Twitter Marketing Strategies - dummies

By Kyle Lacy

Twitter and the Internet have changed how you can target your customers. They’ve made marketing easier and cheaper. E-mail accounts and social networks such as Facebook are free to use. The cost of developing (and running) a website has dropped dramatically. And thanks to the Internet, performing research, creating your message, and distributing it have become more affordable than ever before.

Here’s what new-school marketing looks like:

  1. Target your customers.

    Who cares what your ideal customer is like? You don’t have to target people like them because you can target them directly. You can do a search by using Twitterment and Nearby Tweets.


    As long as you tweet about relevant content that these folks care about, you have a very good chance that they will follow you back.

  2. Create a marketing campaign that involves a Web site and a blog, and create a Facebook and/or MySpace page.

    Invite people to join these groups.

  3. Write regular blog content and use Twitter to post messages, letting your followers know that you have a new post on your blog.


    You can shorten a really long Web address in a tweet. You can also track the shortened URLs, which means that you can actually measure their effectiveness.

    Because you have targeted your customers, one of the many marble-collecting fans that follows you may retweet your message out to his 2,000 followers (many of whom also happen to be marble collectors). Some of them may retweet it to their followers and so on. If enough people are interested in what you have to say about marbles, with just a few mouse clicks, your post can potentially be read by thousands upon thousands of people.


  4. Measure your results.

    If you are not tracking and analyzing the traffic on your site, you should. You can do it using a platform such as Google Analytics, which lets you look at lots of information about your site’s visitors.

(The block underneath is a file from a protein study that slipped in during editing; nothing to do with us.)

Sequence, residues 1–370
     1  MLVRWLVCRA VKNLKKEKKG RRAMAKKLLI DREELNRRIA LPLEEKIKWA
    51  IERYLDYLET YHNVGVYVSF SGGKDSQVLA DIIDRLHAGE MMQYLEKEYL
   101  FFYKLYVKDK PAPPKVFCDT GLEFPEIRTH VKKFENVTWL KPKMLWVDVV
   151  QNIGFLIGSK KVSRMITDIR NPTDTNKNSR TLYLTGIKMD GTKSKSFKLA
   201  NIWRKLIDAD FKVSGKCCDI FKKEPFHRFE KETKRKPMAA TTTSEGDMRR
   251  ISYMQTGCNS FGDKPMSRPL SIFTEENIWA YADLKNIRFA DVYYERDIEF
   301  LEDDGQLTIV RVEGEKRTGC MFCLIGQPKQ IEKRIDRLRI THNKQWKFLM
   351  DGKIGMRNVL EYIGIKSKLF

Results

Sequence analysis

You can improve the return on your investment in some of these areas when you use social media as part of your marketing toolkit:

  • Find your exact customer, not an approximation or ideal of one.

  • Reach your customers right where they are, instead of advertising in places you hope they’ll be.

  • Send your message only to people who care about your product(s), instead of wasting ink and money on people who don’t.

  • Create frequent, even daily, content and get it to customers at all hours of the day, not once a month or only at game time.

  • Don’t spend thousands and thousands of dollars in print and broadcast advertising. Spend a small amount to no money on electronic marketing.

  • Encourage retweets. This improvement is huge: Customers can easily share your message within their circles of influence, and their circle of influence may buy your product or service.

If anything is different about marketing today, it’s not the tools and it’s not the technology, and the medium isn’t the message — the ability to share has given consumers a new voice. It has given consumers the power to talk about experiences and share them with thousands upon thousands of people. And you can make your business a success by sharing your stories, ideas, thoughts, and successes with the clients and consumers using Twitter for communication.